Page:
A Sense of Place

- by Anna Jacobs

I’ve been looking through my backlist while converting books to ebooks, and it’s brought home to me how very strongly place has influenced my writing. Born in the UK, I’m a ‘Lancashire lass’ ie from the north-west, but I’m also Australian now. I love both sides of my cultural heritage, and it shows in my books.

When I graduated I moved away from Lancashire—don’t we always flee our families in the search for ourselves? But when I started writing, where did I set my first big novel? Lancashire, of course.

I didn’t know then that I was writing a saga, UK style, a genre that focuses very much on regional history and culture. I enjoyed writing it so much I’ve been writing regional sagas ever since, which has meant researching the sort of history they never taught us at school.

At first all my stories were set in Lancashire, but I’d emigrated to Australia in the meantime and eventually I just had to write a story set there – which did well enough for my UK publisher to want more. I love the variety of setting and find it very stimulating.

I started writing modern novels at the same time as we began house swapping holidays from Australia. This gave us a temporary base in the UK and allowed wonderful reunions with our families. And naturally, it led to several different backgrounds for my modern stories, starting with Dorset, in the south-west, our first house swap. For a while we went all over the place, Cheshire, modern Lancashire, Ireland, Derbyshire, Wiltshire – and so did my stories. In fact, I’ve had a ball.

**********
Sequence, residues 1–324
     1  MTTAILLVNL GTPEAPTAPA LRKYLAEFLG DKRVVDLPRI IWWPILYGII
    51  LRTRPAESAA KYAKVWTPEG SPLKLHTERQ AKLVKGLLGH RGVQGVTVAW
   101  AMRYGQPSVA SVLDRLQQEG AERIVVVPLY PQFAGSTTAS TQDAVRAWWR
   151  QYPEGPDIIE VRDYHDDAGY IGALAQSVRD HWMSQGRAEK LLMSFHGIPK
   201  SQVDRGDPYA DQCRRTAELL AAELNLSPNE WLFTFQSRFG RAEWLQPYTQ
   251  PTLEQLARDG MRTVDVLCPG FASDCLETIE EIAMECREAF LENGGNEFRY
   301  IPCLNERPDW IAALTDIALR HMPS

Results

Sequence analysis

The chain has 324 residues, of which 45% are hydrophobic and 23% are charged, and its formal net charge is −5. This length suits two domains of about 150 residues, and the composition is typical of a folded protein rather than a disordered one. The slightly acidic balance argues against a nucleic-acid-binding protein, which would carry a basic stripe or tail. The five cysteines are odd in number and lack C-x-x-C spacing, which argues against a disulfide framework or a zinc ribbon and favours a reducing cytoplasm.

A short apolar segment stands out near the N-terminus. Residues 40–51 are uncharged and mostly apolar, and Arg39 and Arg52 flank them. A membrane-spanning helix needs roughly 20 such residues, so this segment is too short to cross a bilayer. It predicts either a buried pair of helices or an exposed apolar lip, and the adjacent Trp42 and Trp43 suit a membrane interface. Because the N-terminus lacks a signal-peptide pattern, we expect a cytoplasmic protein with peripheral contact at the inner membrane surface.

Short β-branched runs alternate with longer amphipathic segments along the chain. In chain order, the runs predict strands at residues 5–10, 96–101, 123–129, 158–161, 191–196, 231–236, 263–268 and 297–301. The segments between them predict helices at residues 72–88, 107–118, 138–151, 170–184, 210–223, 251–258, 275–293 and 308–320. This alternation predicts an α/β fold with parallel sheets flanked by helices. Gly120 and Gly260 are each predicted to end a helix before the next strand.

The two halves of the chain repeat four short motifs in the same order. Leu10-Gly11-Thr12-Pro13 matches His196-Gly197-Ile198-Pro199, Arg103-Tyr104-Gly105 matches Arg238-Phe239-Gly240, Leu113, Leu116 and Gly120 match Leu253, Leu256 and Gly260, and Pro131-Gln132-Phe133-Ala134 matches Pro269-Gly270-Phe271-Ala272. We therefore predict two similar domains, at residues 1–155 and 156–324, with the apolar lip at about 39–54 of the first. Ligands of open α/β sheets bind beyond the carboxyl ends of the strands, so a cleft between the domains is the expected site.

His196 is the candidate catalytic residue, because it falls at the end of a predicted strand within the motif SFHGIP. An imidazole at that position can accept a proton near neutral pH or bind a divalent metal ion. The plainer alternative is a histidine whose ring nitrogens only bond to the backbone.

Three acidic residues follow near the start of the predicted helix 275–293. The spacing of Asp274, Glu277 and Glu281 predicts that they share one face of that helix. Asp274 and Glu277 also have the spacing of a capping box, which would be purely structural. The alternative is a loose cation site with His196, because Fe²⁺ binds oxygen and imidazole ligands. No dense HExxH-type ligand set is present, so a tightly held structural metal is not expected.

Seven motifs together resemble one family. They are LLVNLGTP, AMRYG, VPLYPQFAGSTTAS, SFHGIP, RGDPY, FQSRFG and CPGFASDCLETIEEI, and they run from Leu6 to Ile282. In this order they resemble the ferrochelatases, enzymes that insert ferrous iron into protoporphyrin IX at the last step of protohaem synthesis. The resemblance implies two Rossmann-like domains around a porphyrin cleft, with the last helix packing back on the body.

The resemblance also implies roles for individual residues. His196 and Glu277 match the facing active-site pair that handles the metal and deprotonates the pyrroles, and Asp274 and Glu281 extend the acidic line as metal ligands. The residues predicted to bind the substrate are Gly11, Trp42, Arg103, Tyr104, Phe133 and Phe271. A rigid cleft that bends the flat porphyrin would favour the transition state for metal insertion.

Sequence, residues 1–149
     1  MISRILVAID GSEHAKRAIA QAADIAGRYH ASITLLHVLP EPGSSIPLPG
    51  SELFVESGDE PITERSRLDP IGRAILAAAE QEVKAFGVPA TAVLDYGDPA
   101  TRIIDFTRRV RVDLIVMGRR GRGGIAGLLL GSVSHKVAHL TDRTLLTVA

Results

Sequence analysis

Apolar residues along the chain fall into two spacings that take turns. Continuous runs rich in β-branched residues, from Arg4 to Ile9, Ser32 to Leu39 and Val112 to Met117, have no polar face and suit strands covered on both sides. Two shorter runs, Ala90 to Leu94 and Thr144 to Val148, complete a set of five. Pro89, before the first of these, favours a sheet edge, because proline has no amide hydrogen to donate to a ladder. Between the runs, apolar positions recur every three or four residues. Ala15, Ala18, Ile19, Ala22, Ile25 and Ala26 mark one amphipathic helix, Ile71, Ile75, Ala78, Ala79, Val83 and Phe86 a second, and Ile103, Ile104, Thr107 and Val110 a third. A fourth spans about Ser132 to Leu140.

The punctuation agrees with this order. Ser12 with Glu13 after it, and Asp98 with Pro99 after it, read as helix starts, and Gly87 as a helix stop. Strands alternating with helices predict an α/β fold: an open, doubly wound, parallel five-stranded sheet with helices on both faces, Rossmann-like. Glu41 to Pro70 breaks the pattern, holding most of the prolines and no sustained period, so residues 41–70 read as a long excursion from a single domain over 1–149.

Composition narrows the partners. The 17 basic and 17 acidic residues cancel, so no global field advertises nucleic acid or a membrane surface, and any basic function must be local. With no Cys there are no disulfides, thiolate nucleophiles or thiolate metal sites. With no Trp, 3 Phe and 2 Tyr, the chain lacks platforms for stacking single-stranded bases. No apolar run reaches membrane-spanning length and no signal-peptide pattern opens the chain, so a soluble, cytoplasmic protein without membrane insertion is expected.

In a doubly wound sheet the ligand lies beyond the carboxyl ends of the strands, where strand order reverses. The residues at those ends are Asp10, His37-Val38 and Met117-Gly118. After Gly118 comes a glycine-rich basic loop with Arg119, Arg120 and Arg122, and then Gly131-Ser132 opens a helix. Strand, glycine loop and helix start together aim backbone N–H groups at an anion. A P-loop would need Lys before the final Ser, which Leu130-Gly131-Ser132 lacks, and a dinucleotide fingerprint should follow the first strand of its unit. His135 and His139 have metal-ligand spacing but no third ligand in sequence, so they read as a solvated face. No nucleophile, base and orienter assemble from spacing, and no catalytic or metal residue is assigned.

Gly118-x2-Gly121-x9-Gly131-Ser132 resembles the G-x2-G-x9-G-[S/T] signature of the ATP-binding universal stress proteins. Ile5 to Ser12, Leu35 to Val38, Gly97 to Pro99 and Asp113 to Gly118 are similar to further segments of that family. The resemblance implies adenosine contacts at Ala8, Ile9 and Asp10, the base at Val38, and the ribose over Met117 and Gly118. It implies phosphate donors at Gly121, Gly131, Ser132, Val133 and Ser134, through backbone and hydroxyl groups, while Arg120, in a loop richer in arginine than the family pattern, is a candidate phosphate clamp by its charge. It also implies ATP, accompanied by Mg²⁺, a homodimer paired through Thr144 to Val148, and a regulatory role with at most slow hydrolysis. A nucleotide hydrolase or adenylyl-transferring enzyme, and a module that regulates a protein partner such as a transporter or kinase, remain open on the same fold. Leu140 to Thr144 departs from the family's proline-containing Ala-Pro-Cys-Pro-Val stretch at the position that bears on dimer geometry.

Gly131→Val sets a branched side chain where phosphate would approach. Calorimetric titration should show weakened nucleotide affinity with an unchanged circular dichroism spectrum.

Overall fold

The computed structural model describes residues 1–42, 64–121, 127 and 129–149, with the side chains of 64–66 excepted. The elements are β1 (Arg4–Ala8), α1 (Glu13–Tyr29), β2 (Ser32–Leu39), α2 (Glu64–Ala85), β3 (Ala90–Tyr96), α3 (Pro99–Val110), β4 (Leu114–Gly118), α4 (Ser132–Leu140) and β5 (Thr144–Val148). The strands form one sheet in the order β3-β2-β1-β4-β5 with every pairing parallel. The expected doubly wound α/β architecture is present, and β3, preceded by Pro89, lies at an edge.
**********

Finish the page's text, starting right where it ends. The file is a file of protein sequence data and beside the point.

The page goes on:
Using places you visit as settings for novels makes you look at them with a different eye, and you learn far more about them than you would if you were just playing tourist. I hope doing this for my stories has given my readers a taste of a few new places, too.

I’ve even been around the universe when I was writing SF/F as Shannah Jay – the stories are now out as ebooks if you want to join me on a much longer trip.

My previoushistorical novel (Beyond the Sunset) has taken readers by a lesser known route from Australia to England in the 1860s, via Galle (in what is now Sri Lanka), Suez (before the canal was built), Alexandria and Gibraltar.

My latest modern novel (Licence to Dream) is set in a small town in the state of Western Australia, which readers would probably never ‘visit’ otherwise. It was one of the earliest places settled in that state, but it is still a very small country town.

My new historical novel (Cherry Tree Lane) takes readers to Swindon, Wiltshire, a railway town, in 1910 and then to the beautiful countryside nearby.

Do come and travel with me sometime. It’s fun.

9 comments

  1. I really enjoyed reading this personal, warm blog… which was more like a letter. I too place great importance on location, and for this reason, a close look at Anna Jacobs’s new books is certainly warranted.

  2. It’s funny the things that you find out about yourself in writing. I, too, find a strong sense of place comes out when I start thinking about a story. I have been known to spend a morning wandering around an inner-city suburb of Melbourne trying to decide where my character would live. It didn’t appear by name in the story, but I know the street and which tram she would take to get to work.